Skip to main content
Log in

Scales and costs of habitat selection in heterogeneous landscapes

  • Papers
  • Published:
Evolutionary Ecology Aims and scope Submit manuscript

Summary

Two scales of habitat selection are likely to influence patterns of animal density in heterogeneous landscapes. At one scale, habitat selection is determined by the differential use of foraging locations within a home range. At a larger scale, habitat selection is determined by dispersal and the ability to relocate the home range. The limits of both scales must be known for accurate assessments of habitat selection and its role in effecting spatial patterns in abundance. Isodars, which specify the relationships between population density in two habitats such that the expected reproductive success of an individual is the same in both, allow us to distinguish the two scales of habitat selection because each scale has different costs. In a two-habitat environment, the cost of rejecting one of the habitats within a home range can be expressed as a devaluation of the other, because, for example, fine-grained foragers must travel through both. At the dispersal scale, the cost of accepting a new home range in a different habitat has the opposite effect of inflating the value of the original habitat to compensate for lost evolutionary potential associated with relocating the home range. These costs produce isodars at the foraging scale with a lower intercept and slope than those at the dispersal scale.

Empirical data on deer mice occupying prairie and badland habitats in southern Alberta confirm the ability of isodar analysis to differentiate between foraging and dispersal scales. The data suggest a foraging range of approximately 60 m, and an effective dispersal distance near 140 m. The relatively short dispersal distance implies that recent theories may have over-emphasized the role of habitat selection on local population dynamics. But the exchange of individuals between habitats sharing irregular borders may be substantial. Dispersal distance may thus give a false impression of the inability of habitat selection to help regulate population density.

This is a preview of subscription content, log in via an institution to check access.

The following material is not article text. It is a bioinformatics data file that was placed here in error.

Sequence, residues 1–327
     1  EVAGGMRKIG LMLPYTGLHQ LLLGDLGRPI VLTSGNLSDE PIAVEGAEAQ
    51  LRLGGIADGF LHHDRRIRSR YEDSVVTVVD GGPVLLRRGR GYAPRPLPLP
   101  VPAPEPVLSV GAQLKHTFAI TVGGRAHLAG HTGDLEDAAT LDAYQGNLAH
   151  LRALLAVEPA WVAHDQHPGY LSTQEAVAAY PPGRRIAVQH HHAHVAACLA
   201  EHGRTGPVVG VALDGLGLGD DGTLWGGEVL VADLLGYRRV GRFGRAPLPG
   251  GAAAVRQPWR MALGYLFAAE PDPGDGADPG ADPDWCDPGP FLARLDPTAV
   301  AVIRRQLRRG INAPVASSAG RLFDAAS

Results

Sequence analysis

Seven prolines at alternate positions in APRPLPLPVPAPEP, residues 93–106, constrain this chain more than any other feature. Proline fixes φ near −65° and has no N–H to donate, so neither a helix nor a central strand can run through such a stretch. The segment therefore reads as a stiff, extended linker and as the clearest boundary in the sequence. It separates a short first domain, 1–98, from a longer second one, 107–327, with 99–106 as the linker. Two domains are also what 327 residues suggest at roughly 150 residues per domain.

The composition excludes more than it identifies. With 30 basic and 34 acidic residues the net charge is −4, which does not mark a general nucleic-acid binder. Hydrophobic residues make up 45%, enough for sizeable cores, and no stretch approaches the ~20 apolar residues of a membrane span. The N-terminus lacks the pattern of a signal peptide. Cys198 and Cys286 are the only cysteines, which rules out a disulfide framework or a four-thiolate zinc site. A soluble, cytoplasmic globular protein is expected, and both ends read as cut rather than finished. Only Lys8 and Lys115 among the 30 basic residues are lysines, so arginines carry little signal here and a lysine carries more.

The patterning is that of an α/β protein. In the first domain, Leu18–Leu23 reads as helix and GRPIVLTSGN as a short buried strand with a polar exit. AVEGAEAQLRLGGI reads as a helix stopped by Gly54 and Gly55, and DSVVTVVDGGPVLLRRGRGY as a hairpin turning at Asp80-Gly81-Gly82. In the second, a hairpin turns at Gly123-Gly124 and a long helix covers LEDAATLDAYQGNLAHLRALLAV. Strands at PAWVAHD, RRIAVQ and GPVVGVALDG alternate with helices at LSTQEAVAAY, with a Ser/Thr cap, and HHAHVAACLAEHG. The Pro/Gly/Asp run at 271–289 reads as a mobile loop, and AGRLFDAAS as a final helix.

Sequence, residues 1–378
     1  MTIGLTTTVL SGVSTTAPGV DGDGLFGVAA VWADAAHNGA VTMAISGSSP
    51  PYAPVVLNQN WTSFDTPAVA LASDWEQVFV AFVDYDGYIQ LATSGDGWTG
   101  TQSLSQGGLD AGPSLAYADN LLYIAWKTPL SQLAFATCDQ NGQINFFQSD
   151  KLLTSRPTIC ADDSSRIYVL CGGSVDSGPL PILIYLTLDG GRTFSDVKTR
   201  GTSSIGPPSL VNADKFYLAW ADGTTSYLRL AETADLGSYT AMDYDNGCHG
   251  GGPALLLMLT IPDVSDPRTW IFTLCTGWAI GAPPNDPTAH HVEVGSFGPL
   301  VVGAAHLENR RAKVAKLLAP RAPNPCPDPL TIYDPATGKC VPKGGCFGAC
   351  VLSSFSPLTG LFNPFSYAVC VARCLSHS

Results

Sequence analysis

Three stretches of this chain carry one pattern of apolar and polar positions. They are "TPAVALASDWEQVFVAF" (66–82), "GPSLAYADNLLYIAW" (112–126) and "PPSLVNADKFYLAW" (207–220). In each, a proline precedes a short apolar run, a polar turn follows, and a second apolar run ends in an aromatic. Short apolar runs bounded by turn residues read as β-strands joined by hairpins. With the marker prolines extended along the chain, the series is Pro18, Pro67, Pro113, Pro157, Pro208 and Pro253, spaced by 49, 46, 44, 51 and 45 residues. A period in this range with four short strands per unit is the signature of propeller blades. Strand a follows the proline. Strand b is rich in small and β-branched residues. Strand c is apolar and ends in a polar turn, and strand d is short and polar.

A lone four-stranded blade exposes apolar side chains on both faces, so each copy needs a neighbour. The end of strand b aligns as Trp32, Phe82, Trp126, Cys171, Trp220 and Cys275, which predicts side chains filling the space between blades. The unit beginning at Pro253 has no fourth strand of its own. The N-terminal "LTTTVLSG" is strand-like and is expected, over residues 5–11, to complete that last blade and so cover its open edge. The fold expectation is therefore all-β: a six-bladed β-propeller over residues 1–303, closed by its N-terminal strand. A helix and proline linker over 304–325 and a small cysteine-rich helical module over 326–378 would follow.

Access this article

Price excludes VAT (USA)
Tax calculation will be finalised during checkout.

Instant access to the full article PDF.

Similar content being viewed by others

References

  • Anderson, P. K. (1989) Dispersal in rodents: a resident fitness hypothesis.Spec. Publ. Am. Soc. Mammal. 9, 1–141.

    Google Scholar 

  • Brown, J. S. and Pavlovic, N. B. (1992) Evolution in heterogeneous environments: effects of migration on habitat specialization.Evol. Ecol. 6, 360–82.

    Google Scholar 

  • Brown, J. S. and Rosenzweig, M. L. (1986) Habitat selection in slowly regenerating environments.J. Theor. Biol. 123, 151–71.

    Google Scholar 

  • Bryan, R. B., Campbell, I. A. and Yair, A. (1987) Postglacial geomorphic development of the Dinosaur Provincial Park badlands, Alberta.Can. J. Earth Sci. 24, 135–46.

    Google Scholar 

  • Danielson, B. J. (1991) Communities in a landscape: the influence of habitat heterogeneity on the interactions between species.Am. Nat. 138, 1105–20.

    Google Scholar 

  • Fahrig, L. and Paloheimo, J. (1988) Determinants of local population size in patchy habitats.Theor. Pop. Biol. 34, 194–213.

    Article  Google Scholar 

  • Fretwell, S. D. and Lucas, H. L. Jr (1970) On territorial behavior and other factors influencing habitat distribution in birds. I. Theoretical development.Acta Bioth. 19, 16–36.

    Article  Google Scholar 

  • Goodman, D. (1987) How do any species persist? Lessons for conservation biology.Con. Biol. 1, 59–62.

    Article  Google Scholar 

  • Hassell, M. P. and Varley, G. C. (1969) New inductive population model for insect parasites and its bearing on biological control.Nature 223, 1133–6.

    PubMed  Google Scholar 

  • Holt, R. D. (1985) Population dynamics in two-patch environments: some anomalous consequences of an optimal habitat distribution.Theor. Pop. Biol. 28, 181–208.